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Assessment of early life stage mahi‐mahi windows of sensitivity during acute exposures to Deepwater Horizon crude oil

Mager, Edward M., Pasparakis, Christina, Schlenker, Lela S., Yao, Zongli, Bodinier, Charlotte, Stieglitz, John D., Hoenig, Ronald, Morris, Jeffrey M., Benetti, Daniel D., Grosell, Martin
Environmental toxicology and chemistry 2017 v.36 no.7 pp. 1887-1895
Coryphaena hippurus, acute exposure, bioassays, developmental stages, direct contact, mortality, oils, petroleum, polycyclic aromatic hydrocarbons, toxicity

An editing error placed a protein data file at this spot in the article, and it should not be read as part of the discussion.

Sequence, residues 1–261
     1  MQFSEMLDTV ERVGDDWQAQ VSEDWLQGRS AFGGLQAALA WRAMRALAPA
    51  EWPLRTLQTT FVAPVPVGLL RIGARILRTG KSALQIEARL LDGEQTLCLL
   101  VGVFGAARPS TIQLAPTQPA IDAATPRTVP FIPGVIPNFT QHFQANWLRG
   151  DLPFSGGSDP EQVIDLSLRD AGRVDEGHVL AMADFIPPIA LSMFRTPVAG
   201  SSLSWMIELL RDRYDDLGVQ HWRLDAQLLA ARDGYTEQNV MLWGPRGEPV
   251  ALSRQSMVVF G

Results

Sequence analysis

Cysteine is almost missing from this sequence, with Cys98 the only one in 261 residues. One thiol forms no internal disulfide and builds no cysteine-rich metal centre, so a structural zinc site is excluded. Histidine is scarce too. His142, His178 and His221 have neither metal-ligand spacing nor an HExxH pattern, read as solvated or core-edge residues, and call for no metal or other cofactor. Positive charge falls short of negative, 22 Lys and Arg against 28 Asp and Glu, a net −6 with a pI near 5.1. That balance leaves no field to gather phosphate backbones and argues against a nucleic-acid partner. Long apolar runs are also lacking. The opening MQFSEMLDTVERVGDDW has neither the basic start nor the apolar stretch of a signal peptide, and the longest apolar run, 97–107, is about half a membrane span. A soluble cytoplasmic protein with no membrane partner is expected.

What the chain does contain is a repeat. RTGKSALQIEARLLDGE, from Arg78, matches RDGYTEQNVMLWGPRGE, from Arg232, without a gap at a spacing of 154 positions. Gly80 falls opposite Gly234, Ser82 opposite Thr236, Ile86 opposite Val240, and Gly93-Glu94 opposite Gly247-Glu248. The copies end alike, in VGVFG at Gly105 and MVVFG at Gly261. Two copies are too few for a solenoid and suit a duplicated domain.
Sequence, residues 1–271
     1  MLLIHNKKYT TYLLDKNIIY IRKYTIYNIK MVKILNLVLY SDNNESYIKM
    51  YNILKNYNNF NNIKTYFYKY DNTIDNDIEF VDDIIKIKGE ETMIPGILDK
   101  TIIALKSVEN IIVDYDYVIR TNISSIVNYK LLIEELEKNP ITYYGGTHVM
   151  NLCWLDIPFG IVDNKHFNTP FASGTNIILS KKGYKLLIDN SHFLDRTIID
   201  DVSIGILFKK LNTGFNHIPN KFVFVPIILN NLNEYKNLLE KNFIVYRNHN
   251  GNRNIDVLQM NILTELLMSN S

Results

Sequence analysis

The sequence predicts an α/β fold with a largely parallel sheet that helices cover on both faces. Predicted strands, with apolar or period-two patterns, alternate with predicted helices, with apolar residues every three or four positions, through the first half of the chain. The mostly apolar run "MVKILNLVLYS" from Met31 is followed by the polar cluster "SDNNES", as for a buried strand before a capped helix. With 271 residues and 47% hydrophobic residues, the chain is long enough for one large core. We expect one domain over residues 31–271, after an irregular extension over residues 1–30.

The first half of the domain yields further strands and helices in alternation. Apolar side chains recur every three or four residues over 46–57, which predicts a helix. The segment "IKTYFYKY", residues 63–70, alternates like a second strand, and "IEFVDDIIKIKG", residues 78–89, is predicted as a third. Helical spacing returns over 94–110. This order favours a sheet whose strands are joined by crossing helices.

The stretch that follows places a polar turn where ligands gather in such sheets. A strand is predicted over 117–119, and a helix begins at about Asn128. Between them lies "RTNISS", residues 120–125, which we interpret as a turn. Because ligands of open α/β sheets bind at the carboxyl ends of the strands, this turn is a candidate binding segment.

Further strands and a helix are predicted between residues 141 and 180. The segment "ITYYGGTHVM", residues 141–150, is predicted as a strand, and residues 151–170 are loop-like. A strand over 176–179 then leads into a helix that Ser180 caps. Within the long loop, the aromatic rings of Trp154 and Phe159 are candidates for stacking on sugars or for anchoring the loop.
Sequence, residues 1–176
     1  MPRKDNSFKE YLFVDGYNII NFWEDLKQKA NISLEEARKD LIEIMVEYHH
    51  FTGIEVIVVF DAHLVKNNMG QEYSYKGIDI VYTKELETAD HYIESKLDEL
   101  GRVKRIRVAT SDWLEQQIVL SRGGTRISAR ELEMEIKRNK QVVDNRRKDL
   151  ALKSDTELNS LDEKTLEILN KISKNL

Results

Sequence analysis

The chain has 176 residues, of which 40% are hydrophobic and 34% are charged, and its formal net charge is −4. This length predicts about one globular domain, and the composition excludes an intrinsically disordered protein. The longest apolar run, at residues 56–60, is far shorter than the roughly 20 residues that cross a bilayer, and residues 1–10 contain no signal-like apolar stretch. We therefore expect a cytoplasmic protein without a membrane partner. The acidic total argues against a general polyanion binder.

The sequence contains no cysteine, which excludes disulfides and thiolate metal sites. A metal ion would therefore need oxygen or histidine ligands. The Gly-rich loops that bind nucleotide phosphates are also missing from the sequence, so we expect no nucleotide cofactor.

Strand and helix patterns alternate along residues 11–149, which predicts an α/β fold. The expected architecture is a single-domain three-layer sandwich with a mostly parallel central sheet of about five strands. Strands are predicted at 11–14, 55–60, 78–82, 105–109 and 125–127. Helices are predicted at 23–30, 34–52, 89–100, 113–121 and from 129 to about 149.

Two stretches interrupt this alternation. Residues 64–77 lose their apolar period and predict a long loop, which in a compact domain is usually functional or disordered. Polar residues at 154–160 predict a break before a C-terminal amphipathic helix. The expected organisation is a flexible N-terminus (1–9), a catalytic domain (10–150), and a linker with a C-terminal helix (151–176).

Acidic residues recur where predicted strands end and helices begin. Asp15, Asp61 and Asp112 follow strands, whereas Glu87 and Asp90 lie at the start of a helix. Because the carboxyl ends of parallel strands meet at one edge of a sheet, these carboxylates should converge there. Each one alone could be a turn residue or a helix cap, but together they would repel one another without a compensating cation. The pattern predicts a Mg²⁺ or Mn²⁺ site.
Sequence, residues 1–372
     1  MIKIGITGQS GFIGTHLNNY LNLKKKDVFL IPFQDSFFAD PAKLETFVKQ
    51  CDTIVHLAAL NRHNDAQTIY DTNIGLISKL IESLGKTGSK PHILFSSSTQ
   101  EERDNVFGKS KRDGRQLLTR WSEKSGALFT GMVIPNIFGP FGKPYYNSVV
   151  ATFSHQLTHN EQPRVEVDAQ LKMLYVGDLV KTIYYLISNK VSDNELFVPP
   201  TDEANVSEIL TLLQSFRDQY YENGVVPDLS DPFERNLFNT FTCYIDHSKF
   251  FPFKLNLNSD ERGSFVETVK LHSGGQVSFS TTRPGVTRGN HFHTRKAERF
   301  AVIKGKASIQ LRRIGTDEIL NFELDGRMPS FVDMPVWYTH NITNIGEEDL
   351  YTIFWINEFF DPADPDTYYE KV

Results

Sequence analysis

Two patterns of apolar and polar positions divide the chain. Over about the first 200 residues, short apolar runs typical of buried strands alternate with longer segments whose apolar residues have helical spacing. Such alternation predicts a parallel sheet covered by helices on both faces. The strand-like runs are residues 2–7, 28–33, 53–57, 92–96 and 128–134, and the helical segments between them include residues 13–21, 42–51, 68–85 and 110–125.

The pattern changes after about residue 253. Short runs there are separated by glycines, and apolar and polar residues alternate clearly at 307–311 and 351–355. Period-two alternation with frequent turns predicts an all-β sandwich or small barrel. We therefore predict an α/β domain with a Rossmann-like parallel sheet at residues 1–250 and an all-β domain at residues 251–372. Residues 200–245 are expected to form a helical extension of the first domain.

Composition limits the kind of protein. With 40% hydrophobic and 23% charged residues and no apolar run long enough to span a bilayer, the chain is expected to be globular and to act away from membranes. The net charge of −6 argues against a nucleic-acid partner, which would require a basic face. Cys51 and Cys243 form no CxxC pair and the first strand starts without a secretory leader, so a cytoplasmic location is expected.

Windows of exposure to a weathered Deepwater Horizon oil sample (slick A) were examined for early life stage mahi‐mahi (Coryphaena hippurus) to determine whether there are developmental periods of enhanced sensitivity during the course of a standard 96‐h bioassay. Survival was assessed at 96 h following oil exposures ranging from 2 h to 96 h and targeting 3 general periods of development, namely the prehatch phase, the period surrounding hatch, and the posthatch phase. In addition, 3 different oil preparations were used: high‐ and low‐energy water accommodated fractions of oil and very thin surface slicks of oil (∼1 μm). The latter 2 were used to distinguish between effects due to direct contact with the slick itself and the water underlying the slick. Considering the data from all 3 exposure regimes, it was determined that the period near or including hatch was likely the most sensitive. Furthermore, toxicity was not enhanced by direct contact with slick oil. These findings are environmentally relevant given that the concentrations of polycyclic aromatic hydrocarbons eliciting mortality from exposures during the sensitive periods of development were below or near concentrations measured during the active spill phase. Environ Toxicol Chem 2017;36:1887–1895. © 2016 SETAC